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MS Makes Naloxone Available for Free, PA Fentanyl Test Strips Now Decriminalized, More... (1/4/23)

Violence continues in Ciudad Juarez in the wake of a deadly Sunday prison break, Mississippi has created a web site where residents can order free naloxone, and more.

fentanyl test strips (Creative Commons)
Harm Reduction

Mississippi Makes Naloxone Available for Free. After nearly 600 people died of drug overdoses in 2021, the last year for which full numbers are available, the state is moving to ease access to the opioid overdose reversal drug naloxone (Narcan). The Department of Health has begun a program under which people need only log onto a state website, answer a few questions, and watch a training video, and the department will then send them a free naloxone kit. Or they can download a voucher and have it filled at a local pharmacy. To apply for the free Narcan, visit odfree.org/get-naloxone.

Pennsylvania Law Decriminalizing Fentanyl Test Strips Now in Effect. A new law, Act 111, that decriminalizes fentanyl test strips went into effect Monday. The law achieves this by amending the Controlled Substance, Drug, Device and Cosmetic Act of 1972 to no longer define the test strips as drug paraphernalia. Fentanyl test strips (FTS) are a low-cost method of helping prevent drug overdoses and reducing harm. FTS are small strips of paper that can detect the presence of fentanyl in all different kinds of drugs (e.g., cocaine, methamphetamine, and heroin) and drug forms (pills, powder, and injectables).

International

Sinaloa Cartel Gang Leader Among Those Who Escaped in Ciudad Juarez Prison Attack. Among the 27 prisoners who successfully fled a Ciudad Juarez prison as it was attacked Sunday was Ernesto "El Neto" Pinon, the long-imprisoned leader of the Mexicles, a Juarez gang affiliated with the Sinaloa cartel. The attack and jailbreak left 10 guards and seven prisoners dead, with two escaped prisoner later killed by authorities. Pinon had been jailed at the prison since 2010 on a 224-year sentence for murder. Authorities blamed the prison assault on the Mexicles, saying it was attacked by at least 25 of them. Also among the escapees was the Mexicles' number-two man, Cesar Vega.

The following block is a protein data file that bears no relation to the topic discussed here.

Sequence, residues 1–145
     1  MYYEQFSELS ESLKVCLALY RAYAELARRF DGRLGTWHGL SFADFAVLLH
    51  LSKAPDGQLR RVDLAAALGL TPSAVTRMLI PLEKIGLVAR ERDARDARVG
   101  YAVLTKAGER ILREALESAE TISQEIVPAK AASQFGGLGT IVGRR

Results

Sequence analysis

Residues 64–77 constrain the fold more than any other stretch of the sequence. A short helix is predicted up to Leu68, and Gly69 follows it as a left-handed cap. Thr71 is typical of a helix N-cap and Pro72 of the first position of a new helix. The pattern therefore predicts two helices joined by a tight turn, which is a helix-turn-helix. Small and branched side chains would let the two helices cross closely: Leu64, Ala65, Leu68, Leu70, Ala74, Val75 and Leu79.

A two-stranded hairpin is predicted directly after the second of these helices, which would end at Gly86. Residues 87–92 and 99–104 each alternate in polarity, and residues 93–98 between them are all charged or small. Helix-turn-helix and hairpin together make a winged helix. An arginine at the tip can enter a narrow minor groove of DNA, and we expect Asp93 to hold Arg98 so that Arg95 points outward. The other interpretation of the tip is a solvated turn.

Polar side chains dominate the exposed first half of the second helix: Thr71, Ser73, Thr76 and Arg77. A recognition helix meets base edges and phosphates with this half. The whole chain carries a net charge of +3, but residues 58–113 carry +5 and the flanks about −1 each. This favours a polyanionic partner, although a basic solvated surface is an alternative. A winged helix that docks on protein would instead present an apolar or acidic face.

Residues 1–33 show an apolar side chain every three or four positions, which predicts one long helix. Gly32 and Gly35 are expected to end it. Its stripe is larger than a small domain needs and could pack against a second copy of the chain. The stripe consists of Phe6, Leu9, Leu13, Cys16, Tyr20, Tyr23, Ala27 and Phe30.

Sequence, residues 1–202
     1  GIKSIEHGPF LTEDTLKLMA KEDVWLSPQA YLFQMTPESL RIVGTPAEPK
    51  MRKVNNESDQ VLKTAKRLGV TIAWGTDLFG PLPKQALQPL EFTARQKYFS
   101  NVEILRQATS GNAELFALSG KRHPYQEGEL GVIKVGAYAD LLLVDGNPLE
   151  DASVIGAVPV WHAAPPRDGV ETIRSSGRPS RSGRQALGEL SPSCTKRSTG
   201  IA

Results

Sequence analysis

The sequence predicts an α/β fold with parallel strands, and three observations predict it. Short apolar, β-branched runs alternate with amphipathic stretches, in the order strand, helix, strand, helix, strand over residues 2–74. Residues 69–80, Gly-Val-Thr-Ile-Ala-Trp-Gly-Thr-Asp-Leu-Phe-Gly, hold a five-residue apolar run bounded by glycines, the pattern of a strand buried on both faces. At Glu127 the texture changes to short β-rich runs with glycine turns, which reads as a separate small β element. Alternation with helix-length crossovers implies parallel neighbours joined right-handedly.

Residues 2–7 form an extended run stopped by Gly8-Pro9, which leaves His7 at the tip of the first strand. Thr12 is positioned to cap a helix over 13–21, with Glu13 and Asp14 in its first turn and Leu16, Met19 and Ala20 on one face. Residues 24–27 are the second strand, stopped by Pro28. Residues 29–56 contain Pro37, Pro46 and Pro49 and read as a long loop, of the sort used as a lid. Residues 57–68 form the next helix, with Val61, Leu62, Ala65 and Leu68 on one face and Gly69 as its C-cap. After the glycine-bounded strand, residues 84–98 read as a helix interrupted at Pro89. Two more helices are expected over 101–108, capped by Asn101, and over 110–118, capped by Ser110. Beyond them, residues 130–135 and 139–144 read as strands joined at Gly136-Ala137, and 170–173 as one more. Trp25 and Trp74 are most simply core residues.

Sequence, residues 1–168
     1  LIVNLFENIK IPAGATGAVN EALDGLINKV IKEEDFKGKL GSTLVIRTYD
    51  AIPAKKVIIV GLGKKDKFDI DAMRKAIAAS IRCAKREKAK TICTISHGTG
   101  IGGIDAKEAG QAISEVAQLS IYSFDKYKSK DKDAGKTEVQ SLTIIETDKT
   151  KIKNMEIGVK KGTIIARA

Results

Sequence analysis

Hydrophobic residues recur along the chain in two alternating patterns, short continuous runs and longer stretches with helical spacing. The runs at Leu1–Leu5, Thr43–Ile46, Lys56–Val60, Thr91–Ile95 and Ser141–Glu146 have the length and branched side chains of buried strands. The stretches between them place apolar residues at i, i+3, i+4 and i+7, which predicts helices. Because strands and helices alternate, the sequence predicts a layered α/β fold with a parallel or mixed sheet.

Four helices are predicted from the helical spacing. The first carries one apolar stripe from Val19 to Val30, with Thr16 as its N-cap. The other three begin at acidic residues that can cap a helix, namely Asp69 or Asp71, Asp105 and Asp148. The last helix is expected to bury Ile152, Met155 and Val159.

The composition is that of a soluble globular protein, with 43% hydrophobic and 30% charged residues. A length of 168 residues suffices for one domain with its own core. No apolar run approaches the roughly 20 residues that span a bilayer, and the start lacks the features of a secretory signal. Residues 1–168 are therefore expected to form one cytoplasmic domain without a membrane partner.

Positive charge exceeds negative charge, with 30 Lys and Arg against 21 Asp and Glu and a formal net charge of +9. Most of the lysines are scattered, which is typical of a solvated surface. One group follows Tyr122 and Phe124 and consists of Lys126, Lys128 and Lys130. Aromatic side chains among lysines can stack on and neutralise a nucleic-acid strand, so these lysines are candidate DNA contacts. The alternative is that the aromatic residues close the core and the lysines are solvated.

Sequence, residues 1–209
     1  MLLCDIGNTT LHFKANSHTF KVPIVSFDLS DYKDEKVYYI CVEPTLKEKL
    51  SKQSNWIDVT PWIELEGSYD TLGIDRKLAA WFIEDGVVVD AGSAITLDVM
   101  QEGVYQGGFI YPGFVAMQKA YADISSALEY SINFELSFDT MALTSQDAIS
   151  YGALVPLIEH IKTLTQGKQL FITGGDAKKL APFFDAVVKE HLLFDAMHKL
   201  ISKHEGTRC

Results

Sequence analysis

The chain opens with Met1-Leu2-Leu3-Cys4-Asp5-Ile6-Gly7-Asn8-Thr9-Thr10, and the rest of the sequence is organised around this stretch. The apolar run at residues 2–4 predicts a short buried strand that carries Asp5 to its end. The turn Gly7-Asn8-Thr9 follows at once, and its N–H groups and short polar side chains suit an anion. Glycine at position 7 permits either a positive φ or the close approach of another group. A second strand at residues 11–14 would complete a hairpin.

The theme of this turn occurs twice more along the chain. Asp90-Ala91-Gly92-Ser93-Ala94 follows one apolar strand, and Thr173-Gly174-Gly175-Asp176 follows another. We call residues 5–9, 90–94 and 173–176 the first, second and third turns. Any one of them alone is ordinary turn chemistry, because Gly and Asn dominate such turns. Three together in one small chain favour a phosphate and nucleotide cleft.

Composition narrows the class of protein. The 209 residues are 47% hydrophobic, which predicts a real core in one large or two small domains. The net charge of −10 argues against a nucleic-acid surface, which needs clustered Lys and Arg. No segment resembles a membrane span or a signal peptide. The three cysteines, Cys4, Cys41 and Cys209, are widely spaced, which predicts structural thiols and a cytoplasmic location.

Death Toll Rises as Mexican Authorities Hunt Down Juarez Prison Attackers, Escapees. At least seven people were killed in a gunfight as Chihuahua state investigators worked to hunt down the perpetrators of Sunday's attack on a Ciudad Juarez prison, as well as 25 prisoners who escaped. The attack was orchestrated by the Mexicles, a Juarez gang long affiliated with the Sinaloa cartel, who long-imprisoned leader and his number two were among the escapees. In the Tuesday shootout, two state investigators and five Mexicles members died.

MD Pot Decrim Now in Effect, CO Natural Psychedelic Decrim Now in Effect, More... (1/3/23)

The Justice Department is suing a major pharmaceutical distributor over its role in the opioid crisis, a Virgin Islands marijuana legalization bill goes to the governor, and more.

Magic mushrooms and other natural psychedelics are now decriminalized in Colorado. (Creative Commons)
Marijuana Policy

Maryland Marijuana Possession No Longer a Crime. With the advent of the new year, possession of up to 2.5 ounces of marijuana is no longer a crime in the state. People who possess up to 1.5 ounces of marijuana, however, face a maximum $100 fine, while those caught with up to 2.5 ounces face a $250 fine. The reduced penalties are the results of voters approving a referendum in November that directs the legislature to create rules for legal adult sales. That referendum also triggered the implementation of a bill decriminalizing pot possession, which is what went into effect on January 1.

US Virgin Islands Marijuana Legalization Bill Goes to Governor. The US territory's Senate last Friday approved a marijuana legalization bill on a an 11-1 vote, as well as passing separate expungement legislation. The bill has already passed the House. Gov. Albert Bryan Jr. (D), who has repeatedly called on lawmakers to pass such a bill, is expected to sign both bills into law.